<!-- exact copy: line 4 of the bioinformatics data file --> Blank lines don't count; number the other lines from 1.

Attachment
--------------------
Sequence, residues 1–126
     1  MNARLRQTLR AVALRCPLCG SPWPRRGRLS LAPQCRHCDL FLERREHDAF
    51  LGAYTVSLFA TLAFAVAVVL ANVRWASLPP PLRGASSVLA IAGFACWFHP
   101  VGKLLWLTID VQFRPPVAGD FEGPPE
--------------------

   101  VGKLLWLTID VQFRPPVAGD FEGPPE